2.
    Boyle P, Ferlay J Cancer prevalence and mortality in Europe, 2004. Ann Oncol 2005;16:481-8.  Back to cited text no. 2
        
    3.
    Ferlay J, Autier P, Boniol M , Heanue M, Colombet M, Boyle P. Estimates of the cancer prevalenceand mortality in Europe in 2006. Ann Oncol. 2007;18:581-92.  Back to cited text no. 3
        
    4.
    Gillison ML Current topics in the epidemiology of oral cavity and oropharyngeal cancers. Head Neck. 2007;29:779-92.  Back to cited text no. 4
        
    5.
    Gonzáles-Moles MA, Rodriguez-Archilla A, Ruiz-Avila I, Martínez AB, Morales-Garcia P, González-Moles S P16 expression in squamous carcinomas of the tongue. Onkologie 2002;25:433-6.  Back to cited text no. 5
        
    6.
    Castle JT, Cardinali M, Kratochvil FJ, Abbondanzo SL, Kessler HP, Auclair PL, et al. P53 and cyclin D1 staining patterns of malignant and premalignant oral lesions in age-dependent populations. Oral Surg Oral Med Oral Pathol Oral Radiol Endod 1999;88:326-32.  Back to cited text no. 6
        
    7.
    Katoh T, Kaneko S, Kohshi K, Munaka M, Kitagawa K, Kunugita N, et al. Genetic polymorphisms of tobacco- and alcohol-related metabolizing enzymes and oral cavity cancer. Int J Cancer 1999;83:606-9.  Back to cited text no. 7
        
    8.
    Sato M, Sato T, Izumo T, Amagasa T Genetic polymorphism of drug-metabolizing enzymes and susceptibility to oral cancer. Carcinogenesis 1999;20:1927-31.  Back to cited text no. 8
        
    9.
    Morita S, Yano M, Tsujinaka T, Akiyama Y, Taniguchi M, Kaneko K, et al. Genetic polymorphisms of drug-metabolizing enzymes and susceptibility to head-and-neck squamous-cell carcinoma. Int J Cancer 1999;80:685-8.  Back to cited text no. 9
        
    10.
    Amador AG, Righi PD, Radpour S, Everett ET, Weisberger E, Langer M, et al. Polymorphisms of xenobiotic metabolizing genes in oropharyngeal carcinoma. Oral Surg Oral Med Oral Pathol Oral Radiol Endod 2002;93:440-5.  Back to cited text no. 10
        
    11.
    Casiglia J, Woo SB A comprehensive review of oral cancer. Gen Dent 2001;49:72-82.  Back to cited text no. 11
        
    12.
    Freni JK, Jain AK, Sachan MK Etiopathological study of oral and oropharyngeal carcinoma. Int J Res Med Sci 2016;4:2796-801.  Back to cited text no. 12
        
    13.
    Balkwill F, Mantovani A Inflammation and cancer: back to Virchow? Lancet 2001;357:539-45.  Back to cited text no. 13
        
    14.
    Morrison WB Inflammation and cancer: a comparative view. J Vet Intern Med 2012;26:18-31.  Back to cited text no. 14
        
    15.
    Jin X, Liu D, Zhao X, Zhou Y, Jiang L, Li J, et al. Analysis of clinicopathological characteristics associated with the outcome of oral squamous cell carcinoma and the establishment of tissue microarrays. Oncol Lett 2016;12:3175-82.  Back to cited text no. 15
        
    16.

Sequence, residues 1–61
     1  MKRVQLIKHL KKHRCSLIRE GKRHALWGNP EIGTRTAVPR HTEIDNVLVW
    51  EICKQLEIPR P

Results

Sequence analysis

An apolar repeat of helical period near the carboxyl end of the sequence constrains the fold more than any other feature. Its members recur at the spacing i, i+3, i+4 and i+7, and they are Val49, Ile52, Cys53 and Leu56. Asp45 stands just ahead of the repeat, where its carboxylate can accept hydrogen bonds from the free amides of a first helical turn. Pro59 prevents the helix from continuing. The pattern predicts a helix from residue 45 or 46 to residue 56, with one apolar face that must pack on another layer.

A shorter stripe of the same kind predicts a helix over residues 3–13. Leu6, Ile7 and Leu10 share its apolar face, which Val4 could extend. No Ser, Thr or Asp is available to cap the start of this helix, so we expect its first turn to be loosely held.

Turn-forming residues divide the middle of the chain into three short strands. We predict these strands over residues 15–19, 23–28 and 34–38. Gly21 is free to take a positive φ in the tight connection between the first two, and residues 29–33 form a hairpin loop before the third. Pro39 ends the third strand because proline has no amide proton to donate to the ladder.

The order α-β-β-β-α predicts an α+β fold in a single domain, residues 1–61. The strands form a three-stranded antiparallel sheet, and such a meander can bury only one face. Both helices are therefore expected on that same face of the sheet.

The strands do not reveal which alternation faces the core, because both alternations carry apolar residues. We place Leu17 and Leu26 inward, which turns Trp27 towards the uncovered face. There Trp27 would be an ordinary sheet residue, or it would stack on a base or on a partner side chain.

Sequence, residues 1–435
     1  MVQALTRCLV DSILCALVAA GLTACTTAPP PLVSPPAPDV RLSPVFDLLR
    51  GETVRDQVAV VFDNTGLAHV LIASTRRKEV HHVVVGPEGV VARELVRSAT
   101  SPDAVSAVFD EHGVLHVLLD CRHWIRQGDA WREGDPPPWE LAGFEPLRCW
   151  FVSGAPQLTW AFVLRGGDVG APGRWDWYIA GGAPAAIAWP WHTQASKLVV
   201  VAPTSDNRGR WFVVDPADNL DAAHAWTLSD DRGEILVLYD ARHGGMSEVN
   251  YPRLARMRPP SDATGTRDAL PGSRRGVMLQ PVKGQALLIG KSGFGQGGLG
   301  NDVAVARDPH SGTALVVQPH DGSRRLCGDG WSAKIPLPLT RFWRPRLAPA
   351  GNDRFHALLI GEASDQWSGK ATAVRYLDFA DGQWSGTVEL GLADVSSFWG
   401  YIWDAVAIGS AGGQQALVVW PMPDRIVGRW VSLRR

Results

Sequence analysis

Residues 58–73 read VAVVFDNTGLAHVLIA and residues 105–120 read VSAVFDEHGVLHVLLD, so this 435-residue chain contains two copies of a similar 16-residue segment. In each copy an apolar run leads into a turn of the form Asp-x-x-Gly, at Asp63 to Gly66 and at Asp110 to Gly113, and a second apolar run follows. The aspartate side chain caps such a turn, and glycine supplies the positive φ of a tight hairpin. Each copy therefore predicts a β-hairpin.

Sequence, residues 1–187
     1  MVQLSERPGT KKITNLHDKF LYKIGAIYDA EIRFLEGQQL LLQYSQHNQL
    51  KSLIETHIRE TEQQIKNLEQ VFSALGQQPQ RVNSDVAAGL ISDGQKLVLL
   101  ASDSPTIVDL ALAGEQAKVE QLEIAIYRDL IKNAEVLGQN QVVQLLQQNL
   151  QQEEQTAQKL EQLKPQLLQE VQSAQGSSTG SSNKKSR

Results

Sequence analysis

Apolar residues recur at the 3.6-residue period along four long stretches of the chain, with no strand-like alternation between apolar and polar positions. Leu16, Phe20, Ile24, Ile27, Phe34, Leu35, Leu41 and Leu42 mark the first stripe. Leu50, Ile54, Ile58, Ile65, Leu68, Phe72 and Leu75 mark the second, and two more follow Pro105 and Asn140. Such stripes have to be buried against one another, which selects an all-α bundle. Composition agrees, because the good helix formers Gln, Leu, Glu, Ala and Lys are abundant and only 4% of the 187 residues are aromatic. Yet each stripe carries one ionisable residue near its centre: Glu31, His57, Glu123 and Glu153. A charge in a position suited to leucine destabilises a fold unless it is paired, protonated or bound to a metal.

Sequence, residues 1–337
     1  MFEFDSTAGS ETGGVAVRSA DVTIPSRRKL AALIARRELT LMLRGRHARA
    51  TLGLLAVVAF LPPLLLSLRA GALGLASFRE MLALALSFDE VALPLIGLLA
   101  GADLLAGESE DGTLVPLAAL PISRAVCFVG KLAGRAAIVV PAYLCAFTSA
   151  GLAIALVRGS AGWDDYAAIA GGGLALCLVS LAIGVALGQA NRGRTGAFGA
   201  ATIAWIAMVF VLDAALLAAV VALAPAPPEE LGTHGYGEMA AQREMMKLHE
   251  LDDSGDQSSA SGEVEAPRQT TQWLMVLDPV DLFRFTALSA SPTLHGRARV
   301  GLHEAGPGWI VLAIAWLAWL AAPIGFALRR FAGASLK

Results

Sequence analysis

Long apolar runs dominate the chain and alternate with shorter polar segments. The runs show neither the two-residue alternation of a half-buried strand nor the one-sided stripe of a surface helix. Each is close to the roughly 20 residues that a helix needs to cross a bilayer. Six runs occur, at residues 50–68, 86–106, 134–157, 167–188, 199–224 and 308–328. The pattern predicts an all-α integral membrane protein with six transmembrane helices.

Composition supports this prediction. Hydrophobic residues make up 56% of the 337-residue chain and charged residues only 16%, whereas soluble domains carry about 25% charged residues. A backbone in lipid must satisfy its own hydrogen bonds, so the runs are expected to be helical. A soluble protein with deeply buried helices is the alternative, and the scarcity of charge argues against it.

Singh MP, Kumar V, Agarwal A, Kumar R, Bhatt ML, Misra S Clinico-epidemiological study of oral squamous cell carcinoma: a tertiary care centre study in north India. J Oral Biol Craniofac Res 2016;6:31-4.  Back to cited text no. 16
        
    17.
    Tandon A, Bordoloi B, Jaiswal R, Srivastava A, Singh RB, Shafique U Demographic and clinicopathological profile of OSCCC patients of North India: a retrospective institutional study. SRM J Res Dent Sci 2018;9:114-8.  Back to cited text no. 17
        
    18.
    Dias GS, Almeida AP A histological and clinical study on oral cancer: descriptive analyses of 365 cases. Med Oral Patol Oral Cir Bucal 2007;12:E474-8.  Back to cited text no. 18
        
    19.
    Krishna A, Singh RK, Singh S, Verma P, Pal US, Tiwari S Demographic risk factors, affected anatomical sites and clinicopathological profile for oral squamous cell carcinoma in a north Indian population. Asian Pac J Cancer Prev 2014;15:6755-60.  Back to cited text no. 19
        
    20.
    Jayasooriya PR, Pitakotuwage TN, Mendis BR, Lombardi T Descriptive study of 896 oral squamous cell carcinomas from the only university based oral pathology diagnostic service in Sri Lanka. BMC Oral Health 2016;16:1.  Back to cited text no. 20
        



     
     
        Tables

      [Table 1], [Table 2], [Table 3], [Table 4]



     

    Top
     
     
      Search
     
        Similar in PUBMED
       Search Pubmed for
       Search in Google Scholar for
     Related articles
        Access Statistics
        Email Alert *
        Add to My List *
    * Registration required (free)  

     
      In this article
        Abstract
       Introduction
        Materials and Me...
       Results
       Discussion
       Conclusion
        References
        Article Tables

     Article Access Statistics
        Viewed80    
        Printed1    
        Emailed0    
        PDF Downloaded6    
        Comments [Add]    

    Recommend this journal